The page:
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Are your friends making you single?

Are you surrounded by a good group of friends, but perpetually single? The two may be linked, argues Katy Regan

by Psychologies

Do you often find yourself wondering why you have a huge circle of friends, yet no success in your quest to meet a partner? Maybe you’re putting so much energy into your friendships that there’s just no room left for romantic relationships.

I’ve always been ‘good’ at friendship, if such a thing is possible. I’ve always had lots of friends and am still close to people I’ve known since university and even school. I am, however, 39 and single, and save for the odd fling, have been since… well longer than I care to admit here.

‘How can this be?’ people (friends) say to me. ‘But you’re lovely!’ And I waft them away, changing the subject as quickly as possible, because as every single person knows, there is no more dreaded question than ‘How is your love life?’ It’s like constantly asking someone having IVF if they’re pregnant yet.

However, I have begun to wonder: How can that be? Since friendship and singleness have always been the two constants in my life, could it be that they are intrinsically linked? That by putting so much emotional energy into my platonic relationships, I have left no space for romantic ones to flourish?

Andrew G Marshall, marital therapist and author of The Single Trap (Bloomsbury, £7.99), seems to have no doubts. ‘You are effectively settling down, but with your friends, not a romantic partner,’ he says. He calls this ‘putting all your eggs into one emotional basket.’

Sound ridiculous? I thought so too, until on closer inspection it appears I have done exactly what he describes. Apart from when I am being a mother to my son, or ‘dating’, I hang out with friends. I even live with one: Hands up! I am officially married to my mates. My question is: why do some people do this? Why do they gravitate towards friendship for their bonding fixes, instead of romantic love?

The surrogate

Romance is scary (not to mention the constant depilation) so it’s not surprising that some of us opt for a surrogate: the on-off ex, the gay friend, your best mate. ‘Surrogates demand less from us,’ he says. But do they give us less too?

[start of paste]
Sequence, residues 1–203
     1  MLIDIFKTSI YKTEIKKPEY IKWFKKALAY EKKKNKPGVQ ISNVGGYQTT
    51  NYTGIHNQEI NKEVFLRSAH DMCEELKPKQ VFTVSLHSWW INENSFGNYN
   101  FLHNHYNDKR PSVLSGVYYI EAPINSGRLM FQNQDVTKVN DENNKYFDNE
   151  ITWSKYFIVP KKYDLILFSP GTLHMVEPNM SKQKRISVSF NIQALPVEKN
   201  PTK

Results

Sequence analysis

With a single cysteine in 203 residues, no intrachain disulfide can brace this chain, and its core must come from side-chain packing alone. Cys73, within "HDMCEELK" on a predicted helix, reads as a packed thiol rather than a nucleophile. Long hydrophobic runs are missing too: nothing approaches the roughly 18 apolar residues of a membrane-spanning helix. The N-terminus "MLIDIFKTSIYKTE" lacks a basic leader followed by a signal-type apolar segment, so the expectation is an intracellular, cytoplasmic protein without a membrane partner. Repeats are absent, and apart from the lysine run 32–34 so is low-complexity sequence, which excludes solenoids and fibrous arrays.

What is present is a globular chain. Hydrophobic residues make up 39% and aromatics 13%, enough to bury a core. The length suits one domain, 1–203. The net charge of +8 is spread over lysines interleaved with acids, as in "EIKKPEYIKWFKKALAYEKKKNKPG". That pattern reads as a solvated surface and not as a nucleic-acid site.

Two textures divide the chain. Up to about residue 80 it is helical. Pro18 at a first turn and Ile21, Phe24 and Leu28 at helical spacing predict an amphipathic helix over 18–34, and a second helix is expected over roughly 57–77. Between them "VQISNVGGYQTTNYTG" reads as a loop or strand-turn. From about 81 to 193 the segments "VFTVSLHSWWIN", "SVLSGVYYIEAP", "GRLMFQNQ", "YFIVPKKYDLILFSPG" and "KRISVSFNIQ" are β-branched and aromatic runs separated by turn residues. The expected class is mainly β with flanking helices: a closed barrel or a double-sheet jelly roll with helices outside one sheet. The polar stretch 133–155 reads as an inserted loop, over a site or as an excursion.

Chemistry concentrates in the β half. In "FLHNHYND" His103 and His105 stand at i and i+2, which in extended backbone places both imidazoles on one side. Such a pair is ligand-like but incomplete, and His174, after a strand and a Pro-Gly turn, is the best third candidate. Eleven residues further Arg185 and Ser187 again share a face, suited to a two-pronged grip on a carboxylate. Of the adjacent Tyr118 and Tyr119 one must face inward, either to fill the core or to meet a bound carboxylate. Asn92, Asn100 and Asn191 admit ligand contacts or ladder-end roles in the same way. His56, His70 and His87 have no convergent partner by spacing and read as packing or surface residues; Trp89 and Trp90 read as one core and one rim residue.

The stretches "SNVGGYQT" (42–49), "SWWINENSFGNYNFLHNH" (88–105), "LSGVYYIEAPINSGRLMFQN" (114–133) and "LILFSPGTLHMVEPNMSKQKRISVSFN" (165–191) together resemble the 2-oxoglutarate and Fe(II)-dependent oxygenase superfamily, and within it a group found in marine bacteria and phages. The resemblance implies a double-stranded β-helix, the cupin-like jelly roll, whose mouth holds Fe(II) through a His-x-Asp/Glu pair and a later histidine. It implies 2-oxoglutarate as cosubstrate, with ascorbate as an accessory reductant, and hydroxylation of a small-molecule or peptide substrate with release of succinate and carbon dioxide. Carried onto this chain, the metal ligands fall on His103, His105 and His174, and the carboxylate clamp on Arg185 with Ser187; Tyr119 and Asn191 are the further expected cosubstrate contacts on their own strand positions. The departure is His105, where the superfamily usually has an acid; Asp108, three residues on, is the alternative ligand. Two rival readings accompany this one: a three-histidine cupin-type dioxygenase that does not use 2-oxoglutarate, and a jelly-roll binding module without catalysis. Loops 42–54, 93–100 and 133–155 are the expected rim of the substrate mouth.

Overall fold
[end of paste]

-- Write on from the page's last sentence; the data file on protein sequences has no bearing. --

My surrogate was Roz*, my flatmate throughout my mid-twenties. We shared ups and downs, late-night chats, weekends away, cosy nights in. Apart from sex we were as good as a couple. But this was the problem: we weren’t a couple. We just operated like one, which scared off potential partners and gave out the message; stay away! We don’t need you! Also, ‘surrogate-seekers keep attracting surrogate-seekers,’ says Marshall, ‘so you attract the guy who’s still in love with his ex, or the intense emotional vampire of a friend… perpetuating your singleness, enabling it.’

Being too good a friend

Nobody is suggesting you ditch all your mates to find love, but is there such a thing as being too good a friend? If you’re the first person your married or paired-up friends call when they are  having a relationship crisis or when they want to go out with someone other than their husband, then you won’t have any energy or time to find yours.

I’m constantly over-committing to seeing friends, which makes me a popular friend, but not available romantically. It is nice to be needed, and my friends would be there for me in a heartbeat, but we only have so much energy and if it’s all used up on friends there’s no mental space for partners.

If, like me, you frequently find your two precious nights for potential dating taken up with seeing mates, then ultimately, you only have yourself to blame.

The group

I’ve always suspected a fear of loneliness is an underlying cause of my spinsterhood. I have a solid group of uni friends, but in my early twenties, that group was like family. We went out every Saturday night, spent Sundays watching football in the pub, went on holidays together, etc. Which was great until everyone gradually paired off, had their own families and the group finally dispersed, leaving me bereft, still single.

Hanging out with couples

It can be particularly tempting to spend all your time with coupled-up friends, doing cosy coupley things: comfy Sunday lunches, or summer barbecues with the same few couples, and all seven christenings of their brood…

It’s tempting, because it’s so easy. Your friends know you: no date small-talk (exhausting) and a guaranteed good time (no risk of getting a guy who talks to you for two hours about IT systems. And that was one of my better dates…)

‘But your friends are your comfort zone and the problem with that,’ Marshall explains, ‘is that it shrinks, until you’re seeing only one or two couples, and they can’t introduce you to anyone.’

Feels scary?

Well, listen to that fear, because it’s telling you your life needs to change. If you are to meet anyone new, you have to go to things alone. You have to attend bike rides and book readings and yes, start new hobbies. You have to let friends know you’re serious about meeting someone.

‘And it is hard,’ agrees Marshall. ‘If you go somewhere as a pair and don’t enjoy it, you can talk to each other or leave. If you’re single, you have to make so much more effort.’

But you will reap the rewards, if you put in the work. This isn’t about ditching your friends, but making space in your life for newness.

More inspiration:

Watch Karen Ruimy on Finding love on LifeLabs

Read Looking for love by Jackee Holder on LifeLabs

Photograph: iStock

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